The French movements, executed with all the precision and beauty of the parade, and presenting a spectacle of the deepest and the most magnificent interest to their adversaries, from whom they were separated only by a short distance, and a slightly inclining vale -- were not completed until half past ten. Napoleon, having once more rode along the lines, amidst enthusiastic cries of « Vive l'empereur!” gave his last orders for the attack, and placed himself on foot with his guards at the farmhouse of Rossomme.
Prince Jerome Bonaparte, with his division, commenced the fire upon the British right centre at Hougoumont. A skirmishing musketry fire of light troops soon gave way to a heavy cannonade. The British unmasked a numerous battery, which was soon answered by the battery of a French
division and twelve pieces of horse artillery. General Cooke, with his division of the guards, defended the position of Hougoumont. The wood, which formed part of it, was taken, retaken, again taken, and again recovered. General Foy came to the aid of Jerome Bonaparte; and after a desperate struggle of near two hours, during which the field was strewed with the dead and dying, the British had abandoned the wood, but kept possession of the house or château of Hougoumont, and its garden. The walls of the house and of the garden were loop-holed, and, thus covered, the British kept up a deadly fire upon the assailants. A desperate effort to force the gate of the court-yard, made by the French, was repulsed by the British with the bayonet, and the barricade restored. Napoleon ordered up a few howitzers, the shells from which fell upon the house and every thing combustible around it. The château was soon in flames, and some wounded soldiers of both armies became the victims. Still the position was disputed bravely as ever.
In the mean time Napoleon resolved to make his grand attack upon the British left centre. It was confided by him to Ney, who declared that he was ready, and waited only the signal to begin. Napoleon, before he ordered the attack, took a view once more of the field of battle. He observed on his right, about two leagues off, in the direction of St. Lambert, what seemed an advancing column. Was it a detachment from Grouchy, or the Prussians ? All the glasses of the imperial staff were brought to bear upon this object. Opinions were divided. As it might be the Prussians, Napoleon ordered a de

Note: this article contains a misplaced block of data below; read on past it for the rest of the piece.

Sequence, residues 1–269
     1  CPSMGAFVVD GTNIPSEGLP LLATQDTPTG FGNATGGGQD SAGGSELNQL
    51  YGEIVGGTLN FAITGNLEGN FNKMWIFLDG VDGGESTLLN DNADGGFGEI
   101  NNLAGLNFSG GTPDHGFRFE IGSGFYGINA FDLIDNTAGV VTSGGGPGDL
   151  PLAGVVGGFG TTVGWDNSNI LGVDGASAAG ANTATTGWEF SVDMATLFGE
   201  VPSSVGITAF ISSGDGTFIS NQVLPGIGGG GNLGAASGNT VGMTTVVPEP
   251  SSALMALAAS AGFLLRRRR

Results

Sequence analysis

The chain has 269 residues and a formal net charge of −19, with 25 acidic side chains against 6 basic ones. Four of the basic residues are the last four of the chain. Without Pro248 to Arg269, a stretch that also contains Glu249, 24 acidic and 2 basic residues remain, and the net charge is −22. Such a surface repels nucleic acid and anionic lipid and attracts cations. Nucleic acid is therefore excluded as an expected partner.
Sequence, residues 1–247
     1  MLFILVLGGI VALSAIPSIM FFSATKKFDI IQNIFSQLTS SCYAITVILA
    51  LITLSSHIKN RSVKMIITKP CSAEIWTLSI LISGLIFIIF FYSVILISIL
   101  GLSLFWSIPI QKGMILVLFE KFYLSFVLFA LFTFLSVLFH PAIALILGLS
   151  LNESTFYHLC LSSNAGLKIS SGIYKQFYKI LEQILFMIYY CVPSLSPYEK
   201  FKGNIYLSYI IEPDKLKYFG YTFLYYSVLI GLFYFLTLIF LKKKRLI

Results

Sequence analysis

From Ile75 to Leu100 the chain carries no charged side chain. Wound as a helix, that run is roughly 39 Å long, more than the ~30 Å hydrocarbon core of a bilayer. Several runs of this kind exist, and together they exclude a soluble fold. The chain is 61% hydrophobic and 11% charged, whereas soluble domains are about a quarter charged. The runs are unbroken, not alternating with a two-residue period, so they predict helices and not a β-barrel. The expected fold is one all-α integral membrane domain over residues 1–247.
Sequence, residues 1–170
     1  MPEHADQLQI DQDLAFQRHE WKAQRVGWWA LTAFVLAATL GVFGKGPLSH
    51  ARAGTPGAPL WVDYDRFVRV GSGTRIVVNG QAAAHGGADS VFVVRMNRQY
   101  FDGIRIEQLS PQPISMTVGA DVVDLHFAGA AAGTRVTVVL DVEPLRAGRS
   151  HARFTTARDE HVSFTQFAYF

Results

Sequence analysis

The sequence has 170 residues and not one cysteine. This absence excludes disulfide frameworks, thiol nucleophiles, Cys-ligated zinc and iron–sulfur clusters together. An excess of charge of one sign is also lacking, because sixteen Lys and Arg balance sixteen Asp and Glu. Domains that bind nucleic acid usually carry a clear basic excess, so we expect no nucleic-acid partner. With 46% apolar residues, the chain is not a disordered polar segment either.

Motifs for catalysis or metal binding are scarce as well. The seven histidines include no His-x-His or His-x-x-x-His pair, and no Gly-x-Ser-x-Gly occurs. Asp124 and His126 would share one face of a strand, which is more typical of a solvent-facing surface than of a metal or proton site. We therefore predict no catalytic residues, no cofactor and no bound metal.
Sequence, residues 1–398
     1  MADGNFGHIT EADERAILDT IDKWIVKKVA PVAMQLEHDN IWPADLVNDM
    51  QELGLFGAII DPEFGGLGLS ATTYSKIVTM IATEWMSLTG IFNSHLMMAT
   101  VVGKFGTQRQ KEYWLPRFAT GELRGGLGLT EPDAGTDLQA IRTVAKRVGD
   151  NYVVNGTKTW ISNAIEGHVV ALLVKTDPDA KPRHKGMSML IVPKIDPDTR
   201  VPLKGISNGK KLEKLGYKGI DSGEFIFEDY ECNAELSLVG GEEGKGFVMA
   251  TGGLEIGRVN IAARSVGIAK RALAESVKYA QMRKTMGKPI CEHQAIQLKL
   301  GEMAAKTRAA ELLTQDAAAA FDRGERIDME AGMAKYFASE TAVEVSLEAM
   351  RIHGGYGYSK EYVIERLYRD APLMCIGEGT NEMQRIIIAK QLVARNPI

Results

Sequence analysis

tachment of 3000 cavalry to his right. A Prussian hussar was brought in prisoner. He was the bearer of a letter to the duke of Wellington from Bulow, whose advanced guard it was that had been observed. The intercepted despatch was sent to Grouchy, with reiterated orders to bear upon St. Lambert (the French right), and take Bulow's corps in the rear. Ney's attack was suspended. The offensive movement of the Prussians became more conspicuous and formidable. Napoleon ordered the count de Lobau with 8000 men to move upon St. Lambert, and with this force, joined to the detachment already sent, to check the Prussians, were they even 30,000, until he should hear the fire of Grouchy, and then to fall upon them furiously. . All this passed, according to the French accounts, between twelve and one o'clock, and during the utmost heat of action at Hougoumont. Bulow appeared stationary, waiting the coming up of his artillery. It was now that Napoleon ordered Ney to attack and take La Haye Sainte, the British left centre, the farmhouse of Papillotte, and the hamlet of La Haye, the extreme left. This would cut off the communication with the Prussians. Eighty pieces of cannon opened a terrific fire
the British. Napoleon looked on from an eminence near the farmhouse of La Belle Alliance, with a view of both wings right and left; - his own and Wellington's;- and holding his reserves in readiness, to be directed by him in person. General d'Erlon, charging under cover of a tremendous fire with two divisions of his corps and a body of cuirassiers, gained the crest of the hill of La Haye Sainte, driving before him a Belgian division.